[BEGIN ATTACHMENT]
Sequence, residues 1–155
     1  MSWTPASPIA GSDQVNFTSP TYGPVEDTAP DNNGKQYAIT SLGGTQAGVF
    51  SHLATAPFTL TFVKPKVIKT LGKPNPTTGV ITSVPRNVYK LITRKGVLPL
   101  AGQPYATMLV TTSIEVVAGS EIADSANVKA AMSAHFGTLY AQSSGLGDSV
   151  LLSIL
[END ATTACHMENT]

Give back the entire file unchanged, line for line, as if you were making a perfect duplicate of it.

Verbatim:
Sequence, residues 1–155
     1  MSWTPASPIA GSDQVNFTSP TYGPVEDTAP DNNGKQYAIT SLGGTQAGVF
    51  SHLATAPFTL TFVKPKVIKT LGKPNPTTGV ITSVPRNVYK LITRKGVLPL
   101  AGQPYATMLV TTSIEVVAGS EIADSANVKA AMSAHFGTLY AQSSGLGDSV
   151  LLSIL